RMV announces Plate Lottery!

Elliot Whittier has been advised by the Massachussetts Agent’s Association that the 2011 RMV Plate Lottery was announced on June 15, 2011. Here’s a link to the Plate Lottery Entry Form. The form includes the eligibility requirements and the list of available low number plates in the order in which they will be picked. 

To be eligible, you MUST mail the form to the address listed on the form and it must be postmarked no later than August 8, 2011.

This year there are 161 plates available for the low number plate lottery, including the following types:

  • Numbers only – two digits (e.g. 67)
  • Numbers only – three digits (e.g. 167)
  • Numbers only – four digits (e.g. 1365)
  • Two numbers and one letter (e.g. 15X)
  • One letter and one number (e.g. T7)
  • One letter and two numbers (e.g. B61)

The date, time, and location of the lottery plate drawing will be posted on the RMV website (www.mass.gov/rmv). Lottery results will also be posted on the RMV website.


Dr. Gene DiStasio Scholarship Awarded



Elliot Whittier is pleased to announce the 2011 recipient of the Dr. Gene DiStasio award to Miss Ariane Seymour.   Miss Seymour is the Salutatorian of the Winthrop High School Class of 2011, and intends to study at Ithaca College.


Elliot Whittier has adopted this scholarship fund to assure that a grant of $500 may be awarded annually to a graduating Senior from Winthrop High School in perpetuity. The scholarship was established in 1998, from proceeds of the Oceanside Big Band & Jazz Fest, in loving memory of jazz trombonist and Winthrop Orthodontist, Dr. Gene DiStasio.

Dr. Gene Distatio in whose memory this award is given

Dr. Gene DiStasio

Dr. Gene encouraged Paul Roy, a principal at Elliot Whittier to produce the first free outdoor concert at Hannaford Park in Winthrop in 1994. Gene played trombone for the Kenny Hadley Big Band that year. He died in 1995.

The recipient is selected by the scholarship committee at the High School with the advice of the Band Parents.

Past recipients include:

              • Michael Caaman 2001
                Kristin Quinn 2002
                Steven Goldberg 2003
                Kerri MacDougal 2004
                Kristina Lessard 2005
                Sadekshya Nepal 2006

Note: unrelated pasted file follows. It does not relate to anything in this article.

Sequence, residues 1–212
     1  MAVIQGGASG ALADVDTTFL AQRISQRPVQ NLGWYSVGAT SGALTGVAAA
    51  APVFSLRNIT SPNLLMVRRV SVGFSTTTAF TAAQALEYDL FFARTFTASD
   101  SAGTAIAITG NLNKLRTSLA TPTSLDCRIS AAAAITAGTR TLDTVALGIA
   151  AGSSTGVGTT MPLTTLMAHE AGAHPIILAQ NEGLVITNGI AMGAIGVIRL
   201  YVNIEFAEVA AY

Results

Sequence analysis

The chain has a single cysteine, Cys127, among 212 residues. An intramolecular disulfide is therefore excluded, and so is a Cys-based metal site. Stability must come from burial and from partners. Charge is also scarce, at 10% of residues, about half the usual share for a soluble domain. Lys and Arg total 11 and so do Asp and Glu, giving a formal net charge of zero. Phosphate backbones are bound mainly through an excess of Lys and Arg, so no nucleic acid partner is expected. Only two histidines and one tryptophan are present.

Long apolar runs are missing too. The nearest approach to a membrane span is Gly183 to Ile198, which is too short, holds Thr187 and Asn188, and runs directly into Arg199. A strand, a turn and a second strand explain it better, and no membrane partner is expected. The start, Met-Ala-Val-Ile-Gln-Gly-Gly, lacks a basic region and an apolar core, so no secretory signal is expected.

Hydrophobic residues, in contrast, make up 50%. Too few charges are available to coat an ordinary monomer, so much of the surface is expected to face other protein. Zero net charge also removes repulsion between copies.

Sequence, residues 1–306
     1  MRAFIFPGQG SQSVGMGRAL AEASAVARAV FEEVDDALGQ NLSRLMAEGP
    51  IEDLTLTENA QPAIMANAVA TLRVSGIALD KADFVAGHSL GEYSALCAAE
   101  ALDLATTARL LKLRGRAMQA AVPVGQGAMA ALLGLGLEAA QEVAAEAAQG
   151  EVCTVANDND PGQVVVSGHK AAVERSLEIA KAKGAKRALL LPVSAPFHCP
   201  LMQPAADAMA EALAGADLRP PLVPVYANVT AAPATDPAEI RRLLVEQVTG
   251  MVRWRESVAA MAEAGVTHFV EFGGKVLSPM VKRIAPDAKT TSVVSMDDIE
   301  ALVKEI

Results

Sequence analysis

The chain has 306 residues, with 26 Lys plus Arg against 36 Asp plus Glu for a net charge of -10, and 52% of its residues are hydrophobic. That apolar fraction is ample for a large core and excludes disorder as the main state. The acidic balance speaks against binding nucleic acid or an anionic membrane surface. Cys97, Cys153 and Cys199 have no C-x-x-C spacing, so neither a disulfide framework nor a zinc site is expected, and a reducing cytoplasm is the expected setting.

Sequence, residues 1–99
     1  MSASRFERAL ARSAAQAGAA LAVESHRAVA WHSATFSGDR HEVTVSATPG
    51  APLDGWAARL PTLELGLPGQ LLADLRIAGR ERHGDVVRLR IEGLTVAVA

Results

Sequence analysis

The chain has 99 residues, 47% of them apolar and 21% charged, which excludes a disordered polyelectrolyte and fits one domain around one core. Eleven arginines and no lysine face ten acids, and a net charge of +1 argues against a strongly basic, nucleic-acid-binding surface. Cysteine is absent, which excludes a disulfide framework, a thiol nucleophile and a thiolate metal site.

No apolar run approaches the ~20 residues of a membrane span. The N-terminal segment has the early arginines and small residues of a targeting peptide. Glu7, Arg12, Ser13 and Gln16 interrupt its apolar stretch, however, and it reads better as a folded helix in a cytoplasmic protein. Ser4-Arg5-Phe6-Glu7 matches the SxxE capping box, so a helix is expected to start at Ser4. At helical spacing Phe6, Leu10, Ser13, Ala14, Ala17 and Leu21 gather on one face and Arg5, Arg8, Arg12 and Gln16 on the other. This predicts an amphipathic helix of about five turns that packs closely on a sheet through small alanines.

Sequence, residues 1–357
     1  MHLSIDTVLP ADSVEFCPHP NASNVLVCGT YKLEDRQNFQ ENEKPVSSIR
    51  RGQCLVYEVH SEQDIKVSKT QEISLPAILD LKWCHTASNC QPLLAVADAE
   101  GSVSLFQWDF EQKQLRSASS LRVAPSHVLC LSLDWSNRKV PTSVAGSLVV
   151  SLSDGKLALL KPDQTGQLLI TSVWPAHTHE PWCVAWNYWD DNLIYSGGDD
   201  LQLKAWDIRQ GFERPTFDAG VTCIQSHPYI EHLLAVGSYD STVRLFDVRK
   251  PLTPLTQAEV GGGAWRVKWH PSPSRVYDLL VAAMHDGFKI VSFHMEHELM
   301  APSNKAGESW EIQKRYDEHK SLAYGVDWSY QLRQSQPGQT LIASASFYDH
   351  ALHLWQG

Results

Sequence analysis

Curtis Manning 2007
                Stephanie Moskal 2008
                Shannon Marie Hagan 2009
                Will Milano 2010
                Ariane Seymour 2011

What to do after a tornado

Recent tornado touch-downs and destruction in the Springfield MA area has me thinking.

It doesn’t matter if it’s a tornado, a hurricane, or a severe Nor’easter.  There are certain steps we need to keep at the forefront of our minds in the event of a severe weather event.  Here are some things to keep in mind:

  • Personal safety is the #1 Priority
  • Stay tuned to local weather.   That’s why they say radio with batteries are good to have.  We forget this where we rely so much on web-based information.
  • Stay out of damaged buildings.  Wait for authorities to tell you it’s safe to return.
  • Have an pre-arranged meeting place for family & loved ones.
  • When it’s safe to be at your home, it’s usually best if it’s possible to make temporary repairs to prevent your home from further damage.  For example, covering holes in roofs or walls with plywood or tarp to prevent water or wind damage.   Consider a professional “damage/restoration” specialist to do the work.  Take pictures and save receipts for insurance claims.  Move wet items to higher ground.
  • Review your insurance policy.  Typically,  damage to walls, roofs, floors, home contents will be covered by most policies in the event of a tornado or other windstorm.  Pay attention to your deductibles as well as special wind deductibles that will apply. 
  • Prepare a well documented list of all damaged property with pictures, receipts, and values as this will help with your insurance claim.  Do not discard any particularly expensive items. 
  • If you can’t live in your home, most policies will pay for additional living expenses for the reasonable time while repairs are being done.  Insure that you hire licensed, bonded, local, well-respected contractors to do the work for you.

Times like these give those of us a chance to be kind to our neighbors, check in on any elderly, and also check our own insurance policies.  Make sure you have enough insurance so that in the event of a catastrophe, you can have peace of mind that you will have your home back.